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The lights of numerous leading off-Broadway theaters will be dimmed Thursday to honor the work and legacy of James Houghton, the founding artistic director of Signature Theatre, who died Tuesday, following a two-year battle with stomach cancer. He was 57.
In the 25 years since the former actor was inspired by his friendship and association with dramatist Romulus Linney to establish a New York company exploring the body of work of a different living American playwright each season, Houghton has become one of the most respected and influential statesmen of the off-Broadway scene.
His work at Signature over the years has helped significantly to deepen the appreciation of prominent playwrights such as Edward Albee, August Wilson, Horton Foote, Arthur Miller, Sam Shepard, Paula Vogel, Tony Kushner and John Guare, as well as championing lesser-known names like Maria Irene Fornes, Lee Blessing and Adrienne Kennedy.
“Jim kept the reputation of playwrights alive,” said Guare, author of Six Degrees of Separation and The House of Blue Leaves. “He believed by saving the past you create the future.”
The crowning achievements of recent Signature seasons include a marathon 2010 presentation of Foote’s novelistic nine-play epic, The Orphans’ Home Cycle; an emotionally trenchant revival of Kushner’s Angels in America that same year; and in 2012, arguably the definitive production of Wilson’s The Piano Lesson.
One of the stars of Angels in America at Signature, Zachary Quinto, in an Instagram post described Houghton as “a brother to artists of all kinds, a man of dignity and grace whose tireless commitment to creativity and creators was inspiring beyond words.”
Another Signature acting alumnus, Edward Norton, who serves as chairman of the company’s board, said, “Very few people are possessed of authentic artistic talent, brilliant institutional vision, leadership skill and deep commitment to service. Jim did and inspired me as much as anybody I’ve ever worked with. Many of the best experiences of my career flowed from collaborating with him. He elevated everybody around him, as artists and as people.”
In recent years, Signature has expanded its mission to create a residency program for emerging playwrights like Annie Baker, Katori Hall, Branden Jacobs-Jenkins and Will Eno, as well as more established talents such as Suzan-Lori Parks, David Henry Hwang, Kenneth Lonergan, and in a rare instance of venturing beyond national borders, the South African dramatist Athol Fugard.
“Jim was an exemplary leader for the entire off-Broadway community,” said Adam Hess, president of the Off-Broadway League. “His passion, vision and unwavering support of artists truly inspired and transformed the landscape of New York theater.”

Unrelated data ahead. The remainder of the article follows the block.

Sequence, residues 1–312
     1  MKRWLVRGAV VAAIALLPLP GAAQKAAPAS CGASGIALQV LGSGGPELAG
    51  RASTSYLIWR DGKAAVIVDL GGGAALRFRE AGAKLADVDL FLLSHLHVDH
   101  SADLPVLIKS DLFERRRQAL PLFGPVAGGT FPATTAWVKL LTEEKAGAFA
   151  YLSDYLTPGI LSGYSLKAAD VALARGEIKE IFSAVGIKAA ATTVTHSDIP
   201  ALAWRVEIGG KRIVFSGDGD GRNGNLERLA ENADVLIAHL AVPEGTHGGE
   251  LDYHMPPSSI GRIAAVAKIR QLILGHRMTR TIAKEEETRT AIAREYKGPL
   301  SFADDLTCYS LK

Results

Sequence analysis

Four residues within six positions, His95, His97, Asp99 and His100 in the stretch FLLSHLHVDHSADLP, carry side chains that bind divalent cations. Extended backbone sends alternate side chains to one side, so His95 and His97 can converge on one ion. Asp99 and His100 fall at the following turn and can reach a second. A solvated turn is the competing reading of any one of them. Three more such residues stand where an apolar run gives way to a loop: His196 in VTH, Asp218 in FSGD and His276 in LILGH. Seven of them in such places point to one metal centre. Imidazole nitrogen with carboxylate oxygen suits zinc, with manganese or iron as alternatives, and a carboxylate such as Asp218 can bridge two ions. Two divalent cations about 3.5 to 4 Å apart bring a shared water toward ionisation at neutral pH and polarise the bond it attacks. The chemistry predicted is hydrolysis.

In recognition of its outstanding contribution to American theater, Signature in 2014 became the first New York company to win the annual Tony Award for a regional theater, following a change in the rules that made locally based theater institutions eligible for consideration.
Houghton’s contribution also has been recognized with a series of personal honors in recent seasons, including career awards from the Obies, the Lucille Lortels and the Outer Critics Circle.
From 2000 to 2003, Houghton also served as artistic director of the Eugene O’Neill Theater Center’s National Playwrights Conference, shepherding new work from David Lindsay-Abaire, Gina Gionfriddo and Adam Rapp, among others. And from 2006 until his death, he was director of the Juilliard School’s drama division, during that time introducing a Master of Fine Arts degree program.
Prior to founding the Signature Theatre, Houghton had been a member of John Houseman’s Acting Company, the famed touring classical theater troupe whose other alumni include Patti LuPone, Kevin Kline, Frances Conroy and Jeffrey Wright.
After being diagnosed with cancer, Houghton announced last year that he would step down from his role as artistic director of Signature, a company he had built up from its modest start in 1991, with a threadbare budget of just $35,000 covering six productions, into a legitimate off-Broadway powerhouse.
Signature now runs on an annual budget of around $13 million; in 2012, the company inaugurated its new home on West 42nd Street, the Pershing Square Signature Center, a $70 million three-stage complex designed by Frank Gehry. Signature also has been a notable champion of affordable theater via a groundbreaking corporate subsidy program in place since 2005 that made main-season tickets available for just $20. Even with the dizzying escalation of New York theater prices, that scheme remains in place, with only a modest increase to $30.
“Jim created the Signature Theatre out of a beautiful, original idea, born out of his unswerving certainties that dramatic writing is serious writing which merits and rewards sustained, in-depth exploration; and that theaters should be homes for artists, not factories for manufacturing marketable product,” said Kushner.
“What never ceased to amaze me was Jim’s cheerfully unstoppable determination to give his best ideas and strongest convictions immediate, palpable, actual existence,” continued Kushner. “He made wonderful things happen, enlisting in his schemes the eager participation of artists, audiences, patrons, all of us drawn in by the clarity of Jim’s visions, by his assumption that worthwhile effort will be rewarded, and of course by his astonishing gift for friendship. Everyone who loves theater is in his debt.”
Paige Evans, who formerly headed Lincoln Center Theater’s emerging artists program LCT3, stepped into the role of Signature artistic director this summer.
Houghton is survived by his wife of 30 years, Joyce O’Connor, as well as his parents, his brother, three sisters, a son and a daughter. Details of a public memorial will be announced in the coming weeks.
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